2018, R, 111 min. Directed by Ian Bonhôte, Peter Ettedgui.
REVIEWED By Kimberley Jones, Fri., Aug. 17, 2018
This documentary about the late British clothing designer Alexander McQueen puts the viewer in the right headspace right away, and I mean that literally: The film opens with a camera slowly swirling around a skull. Red droplets splash on the cranium. In Michael Nyman’s score, a brass section booms rhythmically like blood in your ears. The effect is brooding and provocative. It’s pure drama. It’s perfectly Alexander McQueen.
Returned to throughout to mark chapter breaks, the skull motif serves another purpose: of previewing McQueen’s design aesthetic via images projected onto the skull, butterflies alighting on the empty eye sockets, and golden ram horns fused to the bone, all of it at once gorgeous and macabre. These sequences were created by McQueen’s nephew, Gary James McQueen, who worked in his uncle’s atelier and also sits for the camera, one of many of the designer’s intimates who speak lovingly of the so-called bad boy of British fashion, who took his own life in 2010. They include some of the first collaborators who joined up with him after his Savile Row apprenticeship and stint in fashion school, when the self-described “East End yob” launched his eponymous line, and others who came on when Givenchy hired him as chief designer – an uneasy fit. Home videos show McQueen and his team giddy and almost impossibly young, full of laughter. Some of that team dropped away as his star continued its meteoric rise (the estrangement with early patroness Isabella Blow figures prominently) and as wealth, fame, drugs, and the punishing pressure of producing 14 collections a year all contributed to a deepening depression.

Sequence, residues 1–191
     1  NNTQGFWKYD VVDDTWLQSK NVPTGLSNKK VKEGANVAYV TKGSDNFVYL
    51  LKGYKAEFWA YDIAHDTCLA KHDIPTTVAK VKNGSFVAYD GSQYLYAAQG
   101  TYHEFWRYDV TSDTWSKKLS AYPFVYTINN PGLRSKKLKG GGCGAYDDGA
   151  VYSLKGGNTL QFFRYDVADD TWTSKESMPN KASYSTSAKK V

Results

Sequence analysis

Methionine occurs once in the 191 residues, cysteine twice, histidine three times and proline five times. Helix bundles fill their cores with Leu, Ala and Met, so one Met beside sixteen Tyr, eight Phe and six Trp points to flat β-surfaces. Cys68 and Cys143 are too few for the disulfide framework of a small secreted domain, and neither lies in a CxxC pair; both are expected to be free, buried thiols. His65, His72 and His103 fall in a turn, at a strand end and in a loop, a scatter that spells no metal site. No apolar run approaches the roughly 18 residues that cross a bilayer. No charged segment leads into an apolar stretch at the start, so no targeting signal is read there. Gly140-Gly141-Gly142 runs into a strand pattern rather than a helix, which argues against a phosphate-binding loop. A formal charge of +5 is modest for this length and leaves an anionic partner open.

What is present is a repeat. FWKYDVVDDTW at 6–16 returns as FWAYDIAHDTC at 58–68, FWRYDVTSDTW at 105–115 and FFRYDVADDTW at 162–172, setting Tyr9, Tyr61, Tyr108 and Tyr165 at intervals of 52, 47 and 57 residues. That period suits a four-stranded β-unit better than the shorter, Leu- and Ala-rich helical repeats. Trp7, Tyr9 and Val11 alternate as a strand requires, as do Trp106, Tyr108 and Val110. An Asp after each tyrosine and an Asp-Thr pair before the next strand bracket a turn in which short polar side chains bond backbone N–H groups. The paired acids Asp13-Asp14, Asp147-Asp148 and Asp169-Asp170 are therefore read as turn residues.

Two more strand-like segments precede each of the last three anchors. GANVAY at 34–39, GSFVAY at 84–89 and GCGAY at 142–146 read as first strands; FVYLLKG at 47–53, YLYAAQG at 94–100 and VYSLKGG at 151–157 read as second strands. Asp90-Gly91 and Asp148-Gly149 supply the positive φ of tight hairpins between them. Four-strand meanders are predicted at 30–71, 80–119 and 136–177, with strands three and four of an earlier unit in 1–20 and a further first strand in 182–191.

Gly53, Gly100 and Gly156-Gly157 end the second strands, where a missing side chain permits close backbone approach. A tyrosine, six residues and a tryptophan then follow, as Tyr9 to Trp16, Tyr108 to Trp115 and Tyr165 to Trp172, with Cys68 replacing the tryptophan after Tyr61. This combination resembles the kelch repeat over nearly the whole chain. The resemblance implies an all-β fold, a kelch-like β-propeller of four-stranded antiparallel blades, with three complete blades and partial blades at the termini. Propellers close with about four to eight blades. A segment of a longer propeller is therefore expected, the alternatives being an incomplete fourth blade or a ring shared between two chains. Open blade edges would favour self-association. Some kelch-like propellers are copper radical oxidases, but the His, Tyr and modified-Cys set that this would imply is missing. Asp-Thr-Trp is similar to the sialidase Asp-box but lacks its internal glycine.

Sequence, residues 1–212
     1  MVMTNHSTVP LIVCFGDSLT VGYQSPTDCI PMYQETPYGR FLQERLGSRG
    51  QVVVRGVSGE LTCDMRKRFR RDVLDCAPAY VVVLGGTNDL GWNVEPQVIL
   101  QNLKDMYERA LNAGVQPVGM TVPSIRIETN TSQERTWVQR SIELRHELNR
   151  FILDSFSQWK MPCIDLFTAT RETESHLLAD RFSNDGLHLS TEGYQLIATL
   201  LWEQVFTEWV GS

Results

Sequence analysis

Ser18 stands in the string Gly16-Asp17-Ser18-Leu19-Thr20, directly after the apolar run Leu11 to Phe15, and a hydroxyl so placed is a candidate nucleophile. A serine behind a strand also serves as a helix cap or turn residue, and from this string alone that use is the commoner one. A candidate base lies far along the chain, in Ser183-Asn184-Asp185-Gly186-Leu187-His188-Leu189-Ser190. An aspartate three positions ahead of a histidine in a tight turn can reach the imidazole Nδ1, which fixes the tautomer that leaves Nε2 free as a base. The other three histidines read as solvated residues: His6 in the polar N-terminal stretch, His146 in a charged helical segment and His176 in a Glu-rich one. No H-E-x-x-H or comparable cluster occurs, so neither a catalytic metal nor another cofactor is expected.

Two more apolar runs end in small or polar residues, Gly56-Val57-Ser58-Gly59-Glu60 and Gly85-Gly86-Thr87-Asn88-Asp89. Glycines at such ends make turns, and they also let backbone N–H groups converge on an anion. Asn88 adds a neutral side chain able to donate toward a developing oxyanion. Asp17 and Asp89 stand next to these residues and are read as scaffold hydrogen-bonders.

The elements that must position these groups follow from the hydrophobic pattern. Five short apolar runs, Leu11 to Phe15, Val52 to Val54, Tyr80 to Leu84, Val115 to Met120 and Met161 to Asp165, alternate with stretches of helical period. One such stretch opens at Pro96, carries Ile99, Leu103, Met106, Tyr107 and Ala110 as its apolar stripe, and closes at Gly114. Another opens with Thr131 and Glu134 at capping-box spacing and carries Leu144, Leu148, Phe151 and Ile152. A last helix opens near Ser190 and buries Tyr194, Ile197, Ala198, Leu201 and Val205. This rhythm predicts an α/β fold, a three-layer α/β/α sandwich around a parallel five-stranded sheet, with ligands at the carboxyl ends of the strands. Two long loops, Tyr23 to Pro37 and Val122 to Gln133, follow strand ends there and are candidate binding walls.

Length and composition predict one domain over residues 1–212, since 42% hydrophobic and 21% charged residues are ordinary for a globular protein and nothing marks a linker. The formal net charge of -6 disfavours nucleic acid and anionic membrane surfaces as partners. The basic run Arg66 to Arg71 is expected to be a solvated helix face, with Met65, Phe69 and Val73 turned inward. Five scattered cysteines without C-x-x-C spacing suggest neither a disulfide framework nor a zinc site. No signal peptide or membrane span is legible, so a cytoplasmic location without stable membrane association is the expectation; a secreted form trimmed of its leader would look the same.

A handful of models also speak to their experience with him, but notably not Kate Moss, a close friend, or Shalom Harlow, whose 1999 catwalk moment being sprayed with a paint gun wielded by two giant robotic arms is the stuff of legend. Only in this case, the legend is real and preserved in perpetuity on tape, one of a dozen of his astonishing and transgressive shows featured in the film. They were as much performance art as clothes showcase, and a very public expression of McQueen’s private torments and fixations. Even more than the moving testimonials of his friends, it is this access, this front-row seat to the spectacle and staggering genius, that makes the film a must-see. It’s as close as most of us will ever get to a McQueen original.